BIRD GUIDING AROUND OSLO

Monday, 24 January 2022

Colourless Mute Swan

I went for a walk in the forest on Friday on a windless day hoping to pick up woodpeckers by the sound of their tapping. I was in an area which in previous years has produced up to 5 species but this time just produced two Great Spots. There seems to be something going on in forest over the last 12 months with woodpeckers in strangely short supply. Bird of the walk was a singing, but heard only, Hazel Grouse in a usual area.

In Maridalen the Great Grey Shrike showed again but was very flighty and clearly doesn’t have a favourite area. A Mute Swan on the only area of open water is the first species of wildfowl I have seen in the valley this year and was a strange individual. Its bill was almost entirely lacking orange colour and on an overcast day it looks as though my pictures were taken in black & white. This bird had a colour ring and had been ringed just over a week previously on the fjord amongst a large group of bread eating birds. It was recorded as an adult female but without any mention of the strange bill colour. That it would then fly to Maridalsvannet on its own in January when there can not be much food for it to find is very strange but maybe it is a sick bird.

My smelly stream has again revealed a Jack Snipe but attempts to watch the bird in action again failed. I positioned myself about 20m from the bird such that I could just about see it and waited and waited but the bird would not move a millimetre. Maybe investing in a trail camera is what I need to do.

Mute Swan (knoppsvane) - all of these pictures are in full colour but the bird's bill was lacking orange colour




ring L761

Jack Snipe (kvartbekkasin)







And here a video of the two Water Rails (vannrikse) I saw last week



Thursday, 20 January 2022

Dicing with death

The weather has changed a lot last this week. There have been days with strong northerly winds, temperatures have been going up and down and we have even had some rain. The net result of this is that all paths and roads where the snow has been pressed down have now turned into ice rinks and you risk your life or at least the odd bone or two if you venture off gritted paths.

Last Saturday I avoided these perils by being lucky enough to accompany Halvard out on his boat although there was ice on the fjord in places which we had to sail through. It was a lovely windless but cold day and we enjoyed a magnificent sunrise. I had hopes of seeing King Eider or at a minimum getting my first Shag of the year but had to be content with various good wintering birds such as Purple Sandpiper, Red-throated Diver, Long-tailed Duck, Twite and Rock Pipit.

Other than this I can jut report how few birds there are this winter and I have even contemplated going to the dump to look for gulls but have so far remained strong. My smelly stream seems to have lost its appeal for snipe with just a single Jack noted this week. Whether this is due to milder weather or the birds having moved on will perhaps only be clear when we have the next snow fall and other sites become unavailable.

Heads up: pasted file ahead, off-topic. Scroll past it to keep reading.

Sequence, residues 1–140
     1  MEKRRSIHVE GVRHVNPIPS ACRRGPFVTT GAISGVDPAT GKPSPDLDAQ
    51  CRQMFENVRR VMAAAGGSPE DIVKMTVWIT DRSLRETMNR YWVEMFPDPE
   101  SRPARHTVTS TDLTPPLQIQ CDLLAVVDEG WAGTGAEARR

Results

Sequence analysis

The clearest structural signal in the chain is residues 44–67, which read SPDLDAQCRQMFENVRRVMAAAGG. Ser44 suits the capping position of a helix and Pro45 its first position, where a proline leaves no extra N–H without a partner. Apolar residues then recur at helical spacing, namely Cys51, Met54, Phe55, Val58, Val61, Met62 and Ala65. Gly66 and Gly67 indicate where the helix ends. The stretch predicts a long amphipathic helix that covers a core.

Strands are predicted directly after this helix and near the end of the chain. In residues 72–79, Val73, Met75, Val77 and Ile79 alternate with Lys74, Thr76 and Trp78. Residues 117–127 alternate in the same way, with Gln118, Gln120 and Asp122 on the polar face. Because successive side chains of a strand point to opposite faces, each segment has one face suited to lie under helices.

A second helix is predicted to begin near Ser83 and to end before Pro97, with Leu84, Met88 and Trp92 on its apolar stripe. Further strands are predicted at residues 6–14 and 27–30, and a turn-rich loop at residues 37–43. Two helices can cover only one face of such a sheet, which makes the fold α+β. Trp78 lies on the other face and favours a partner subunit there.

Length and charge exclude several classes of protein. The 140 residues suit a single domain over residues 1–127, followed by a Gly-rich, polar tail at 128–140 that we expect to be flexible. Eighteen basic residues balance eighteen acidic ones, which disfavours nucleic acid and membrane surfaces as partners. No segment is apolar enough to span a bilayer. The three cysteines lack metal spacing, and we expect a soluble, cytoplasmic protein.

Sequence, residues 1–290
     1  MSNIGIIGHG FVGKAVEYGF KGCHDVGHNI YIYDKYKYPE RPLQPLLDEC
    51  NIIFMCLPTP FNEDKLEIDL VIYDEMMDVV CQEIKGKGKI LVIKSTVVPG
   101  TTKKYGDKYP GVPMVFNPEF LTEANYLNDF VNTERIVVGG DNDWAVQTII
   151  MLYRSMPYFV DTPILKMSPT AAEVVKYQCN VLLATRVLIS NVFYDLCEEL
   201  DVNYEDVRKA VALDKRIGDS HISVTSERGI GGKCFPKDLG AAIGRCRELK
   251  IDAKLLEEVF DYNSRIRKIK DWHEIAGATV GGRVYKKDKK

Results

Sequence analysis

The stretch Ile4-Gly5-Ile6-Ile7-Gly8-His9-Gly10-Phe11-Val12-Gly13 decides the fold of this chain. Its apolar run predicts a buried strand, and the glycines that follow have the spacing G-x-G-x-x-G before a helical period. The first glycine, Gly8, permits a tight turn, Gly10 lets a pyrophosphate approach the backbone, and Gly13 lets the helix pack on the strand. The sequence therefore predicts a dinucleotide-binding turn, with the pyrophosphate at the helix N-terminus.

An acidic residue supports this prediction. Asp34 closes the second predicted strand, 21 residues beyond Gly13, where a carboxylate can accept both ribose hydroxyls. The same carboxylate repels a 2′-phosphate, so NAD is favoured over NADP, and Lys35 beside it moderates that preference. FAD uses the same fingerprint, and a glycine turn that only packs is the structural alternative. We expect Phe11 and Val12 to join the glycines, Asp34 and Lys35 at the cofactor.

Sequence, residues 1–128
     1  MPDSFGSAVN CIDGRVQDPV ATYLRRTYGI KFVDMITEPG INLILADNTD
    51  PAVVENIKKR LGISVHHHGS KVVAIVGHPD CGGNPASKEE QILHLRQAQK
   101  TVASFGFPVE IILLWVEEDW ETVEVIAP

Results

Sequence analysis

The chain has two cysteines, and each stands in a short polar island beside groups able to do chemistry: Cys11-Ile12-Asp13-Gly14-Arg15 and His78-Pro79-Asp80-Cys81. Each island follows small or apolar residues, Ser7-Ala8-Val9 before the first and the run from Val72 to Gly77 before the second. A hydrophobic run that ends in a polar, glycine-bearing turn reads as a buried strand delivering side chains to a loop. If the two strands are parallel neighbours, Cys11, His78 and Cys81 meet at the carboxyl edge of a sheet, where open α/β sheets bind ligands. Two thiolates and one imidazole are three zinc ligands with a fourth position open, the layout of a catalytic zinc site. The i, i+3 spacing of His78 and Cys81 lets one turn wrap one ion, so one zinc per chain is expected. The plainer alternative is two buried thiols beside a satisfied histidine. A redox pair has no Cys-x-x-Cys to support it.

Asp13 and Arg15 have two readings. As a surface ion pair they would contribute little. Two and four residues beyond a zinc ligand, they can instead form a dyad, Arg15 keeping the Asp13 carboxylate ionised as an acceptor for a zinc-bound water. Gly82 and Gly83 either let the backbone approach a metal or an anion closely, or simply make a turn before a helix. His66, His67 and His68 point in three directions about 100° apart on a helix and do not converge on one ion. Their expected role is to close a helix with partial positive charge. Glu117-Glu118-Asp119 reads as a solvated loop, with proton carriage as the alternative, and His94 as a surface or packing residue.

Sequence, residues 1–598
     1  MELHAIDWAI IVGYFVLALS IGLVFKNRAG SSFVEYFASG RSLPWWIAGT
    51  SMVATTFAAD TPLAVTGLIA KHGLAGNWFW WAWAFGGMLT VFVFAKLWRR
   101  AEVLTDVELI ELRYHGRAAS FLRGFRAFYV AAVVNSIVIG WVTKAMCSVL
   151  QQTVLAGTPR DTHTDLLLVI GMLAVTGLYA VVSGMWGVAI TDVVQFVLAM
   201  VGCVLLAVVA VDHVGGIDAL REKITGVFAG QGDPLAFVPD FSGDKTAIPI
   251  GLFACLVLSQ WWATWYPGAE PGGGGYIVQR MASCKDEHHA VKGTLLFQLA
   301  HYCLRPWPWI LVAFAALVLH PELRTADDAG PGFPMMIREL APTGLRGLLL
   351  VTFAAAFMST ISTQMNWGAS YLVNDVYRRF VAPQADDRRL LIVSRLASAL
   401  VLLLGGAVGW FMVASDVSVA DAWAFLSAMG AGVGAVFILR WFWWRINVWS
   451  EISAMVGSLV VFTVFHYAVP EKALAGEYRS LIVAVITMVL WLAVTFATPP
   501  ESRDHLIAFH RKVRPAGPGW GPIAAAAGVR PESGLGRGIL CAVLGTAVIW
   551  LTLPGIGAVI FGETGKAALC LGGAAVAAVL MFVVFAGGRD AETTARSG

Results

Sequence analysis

I visited the Water Rails at Østensjøvannet today and saw three birds. Interestingly two fed closely together but the third bird (an adult) was not tolerated at all by one of the other two (a 1st winter) which repeatedly chased it away and eventually caused it to fly off to another area.

A nice way to start the day. 08:48 on Saturday as we headed out onto the fjord


male Long-tailed Duck (havelle) - we usually only see young birds so this was a treat

Purple Sandpipers (fjæreplytt)

Maridalen has been very disappointing and this Great Grey Shrike (varsler) was the clear stand out bird


a new sign has been put up encouraging photographers to show restraint in their attempts to get an even better picture of the Water Rail than they have from before. It features one of my pictures 😀

the two friendly Water Rails (vannrikse)


and the lone and bullied bird. Grey chin should make this an adult

the aggresive bird of the pair

same bird - white chin should make it a 1st winter

Jack Snipe (kvartbekkasin)




Friday, 14 January 2022

A fish too big

My smelly stream continues to deliver snipe (is the plural of snipe snipe or snipes?). Despite the milder weather (temperatures reached +11C briefly last night!) it seems that the Jack Snipe are very happy there and I have seen upto 3 birds on my daily visits. It is a great challenge walking the stream and trying to find the birds and it is often not until the second or third check that you actually spot the bird. Seeing them in action remains as difficult as ever though.

A visit to the Kingfisher resulted in seeing it catch a fish that was clearly too large for it to handle and it eventually dropped the fish. I was unsure as to whether this was deliberate but it did not fly down and pick it up from the snow it had fallen on to. Maybe Kingfishers do not pick up dead fish from land or maybe this is proof that it had just discarded the fish. Interesting to watch no matter what though.